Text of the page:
David Hockney Paper Pools
Pool Made with Paper and Blue Ink for Paper Pool, signed, dated ’80, and numbered in pencil 475/1000, lithograph in colours, on Arches Cover paper, published by Tyler Graphics, Ltd., Mount Kisco, New York, 26cm x 22cm. Provenance: With Goldmark Gallery, Uppingham.
SOLD £26,375 inclusive of premiums and ARR
The recent Fine Art and Antique auction on 4th September featured over 400 lots full of scarcities, rarities, and outright obscurities. The sale had a very traditional make-up with private collections of Staffordshire ceramics, a library of illustrated works by Arthur Rackham, with the core of the auction from the Estate of a local Gentleman. Every section had its own highlight. With David Hockney Paper Pools taking the limelight, let us take a look at what really got the buyer’s paddles moving…
The last lot in the picture section was an artist of international fame but who’s work is rarely seen in salerooms outside of London or New York. Offered was a signed limited edition of David Hockney Pool Made with Paper and Blue Ink for Paper Pools, arguably one of the most iconic images of the Paper Pool series, which focused on the Californian pools Hockney first experienced in late 1970s Los Angeles. This work, offered by a private collector who acquired it from the Goldmark Gallery in Uppingham, continued the trend of this image rising in stock in the very recent past. As recently as September 2017, the London rooms sold examples of this edition with hammer prices of £13,500 and £16,000. Since then a handful of results both sides of the Atlantic have rocketed, taking the work to in excess of £20,000. With dedicated bidding between both The-Saleroom.com and Invaluable live bidding platforms, the final say on this occasion fell to The-Saleroom client for a hammer total of £21,000 (£26,375 inclusive of premiums and ARR).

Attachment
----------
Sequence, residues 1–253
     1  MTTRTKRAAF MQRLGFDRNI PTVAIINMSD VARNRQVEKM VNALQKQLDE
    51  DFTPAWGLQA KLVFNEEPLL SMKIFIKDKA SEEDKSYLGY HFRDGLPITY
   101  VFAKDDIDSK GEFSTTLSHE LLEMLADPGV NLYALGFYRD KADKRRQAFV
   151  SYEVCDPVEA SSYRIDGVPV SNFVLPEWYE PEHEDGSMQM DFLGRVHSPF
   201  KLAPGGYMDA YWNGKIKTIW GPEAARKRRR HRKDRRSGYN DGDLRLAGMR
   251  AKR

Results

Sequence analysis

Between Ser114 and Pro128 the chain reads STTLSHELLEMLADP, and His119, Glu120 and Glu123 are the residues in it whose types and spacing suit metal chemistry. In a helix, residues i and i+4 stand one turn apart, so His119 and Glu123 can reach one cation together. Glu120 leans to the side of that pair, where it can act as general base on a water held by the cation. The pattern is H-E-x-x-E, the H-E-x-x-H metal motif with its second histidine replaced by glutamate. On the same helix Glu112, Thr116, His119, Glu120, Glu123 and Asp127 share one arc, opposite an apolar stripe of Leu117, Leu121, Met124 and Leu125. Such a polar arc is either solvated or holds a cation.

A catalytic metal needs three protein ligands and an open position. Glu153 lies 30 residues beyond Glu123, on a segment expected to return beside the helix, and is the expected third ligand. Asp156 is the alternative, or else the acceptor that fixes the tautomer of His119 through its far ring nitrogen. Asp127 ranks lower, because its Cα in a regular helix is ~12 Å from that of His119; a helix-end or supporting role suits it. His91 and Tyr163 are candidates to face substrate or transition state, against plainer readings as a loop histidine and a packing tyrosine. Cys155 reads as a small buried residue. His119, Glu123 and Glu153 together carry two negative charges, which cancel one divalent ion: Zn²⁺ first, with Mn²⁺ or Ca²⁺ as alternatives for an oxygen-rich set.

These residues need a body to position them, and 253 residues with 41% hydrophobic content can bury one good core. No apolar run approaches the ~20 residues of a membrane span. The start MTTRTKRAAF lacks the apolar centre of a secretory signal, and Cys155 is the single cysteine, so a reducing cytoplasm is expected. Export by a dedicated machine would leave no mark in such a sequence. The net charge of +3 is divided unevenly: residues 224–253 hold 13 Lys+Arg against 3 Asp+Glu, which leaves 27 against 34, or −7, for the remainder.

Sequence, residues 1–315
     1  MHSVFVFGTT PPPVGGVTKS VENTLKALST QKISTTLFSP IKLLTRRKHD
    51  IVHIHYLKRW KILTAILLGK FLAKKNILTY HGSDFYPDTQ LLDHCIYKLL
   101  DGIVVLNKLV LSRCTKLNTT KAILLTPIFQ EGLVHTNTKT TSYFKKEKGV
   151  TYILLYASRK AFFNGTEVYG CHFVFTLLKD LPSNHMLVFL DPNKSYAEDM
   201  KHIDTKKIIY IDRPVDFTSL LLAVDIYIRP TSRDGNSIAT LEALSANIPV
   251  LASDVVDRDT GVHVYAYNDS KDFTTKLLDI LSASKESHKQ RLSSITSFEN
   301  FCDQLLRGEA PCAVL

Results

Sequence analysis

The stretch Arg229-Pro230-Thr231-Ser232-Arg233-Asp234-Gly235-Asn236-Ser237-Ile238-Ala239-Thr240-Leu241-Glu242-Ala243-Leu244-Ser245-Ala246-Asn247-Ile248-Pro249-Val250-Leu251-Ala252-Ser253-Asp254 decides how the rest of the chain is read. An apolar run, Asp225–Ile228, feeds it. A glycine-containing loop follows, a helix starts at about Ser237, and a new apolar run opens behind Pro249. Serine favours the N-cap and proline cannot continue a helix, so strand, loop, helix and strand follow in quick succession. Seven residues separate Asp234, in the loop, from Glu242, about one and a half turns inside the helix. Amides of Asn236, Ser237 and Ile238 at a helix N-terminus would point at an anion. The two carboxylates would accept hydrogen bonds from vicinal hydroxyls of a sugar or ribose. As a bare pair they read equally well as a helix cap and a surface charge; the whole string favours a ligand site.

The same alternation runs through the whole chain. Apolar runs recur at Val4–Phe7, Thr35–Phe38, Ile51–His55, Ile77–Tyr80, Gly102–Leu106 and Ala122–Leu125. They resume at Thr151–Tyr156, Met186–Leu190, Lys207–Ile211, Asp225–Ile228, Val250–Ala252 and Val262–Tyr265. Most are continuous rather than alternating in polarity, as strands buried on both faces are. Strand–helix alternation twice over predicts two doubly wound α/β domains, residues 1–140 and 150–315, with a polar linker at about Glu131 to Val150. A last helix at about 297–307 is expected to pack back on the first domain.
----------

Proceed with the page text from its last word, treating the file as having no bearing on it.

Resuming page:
The book section was mostly comprised of two private libraries of a very different nature. One of a more traditional focus of antiquarian books, the other of 20th century illustrated works, principally focusing on the illustrator Arthur Rackham. Every lot of the Rackham collection sold, demonstrating the much-celebrated illustrator’s popularity is still strong, with the top lot being really rather special. In 1931 Rackham and the publishing house he is most commonly associated with Geoge Harrap & Co, London, printed a deluxe edition of just 12 copies of Izaak Walton’s The Compleat Angler. They were bound by the very best – Sangorski and Sutcliffe – and within the beautiful red morocco binding the subscriber was treated to twelve colour plates by Rackham, but crucially a unique watercolour by the artist as well. Scarcity value of such a rare work pushed two bidders to £10,000, which was not too short of the retail value paid for the book when purchased in 2012 from a specialist London dealer.
Part two of a fascinating collection of Staffordshire pearlware started the sale, and the dedicated collectors were back in town to acquire some of these rare English creations from the 17th and 18th centuries. The charm and whit shown in these ceramic groups can surely only have been made by the Englishman at his creative best. The top price on this occasion was for lot 36, a lady riding side-saddle escorted by her hound, selling £1,800. However the Europeans produced the top result in the ceramic section with something equally as distinctive in a large example of the classic Meissen figure, Count Bruhl’s Tailor. Rarely seen on such a scale (this stood at 44cm), a European buyer took it for £7,000, despite heavy losses and damage.
A small but certainly not diminutive Jewellery and Watch section attracted a good audience for some very individual and distinctive pieces of jewellery. With something for everyone, the top lot “For Him” a near-new Jaeger le Coultre Reverso Duoface wristwatch with 18ct gold case, selling for £4,600; and the top lot “For Her” was a 3ct brilliant cut diamond solitaire selling for a cool £9,500.
Surely the most intriguing lot was a late entry – 88A – that you could be forgiven in thinking was something from the fruit and veg aisle and costing a matter of pence. Instead what was before our eyes was an exceptionally naturalistic carved and stained ivory banana from Japan in the early 20th century. Realising £1,100, it has to be one of the most expensive pieces of fruit in town!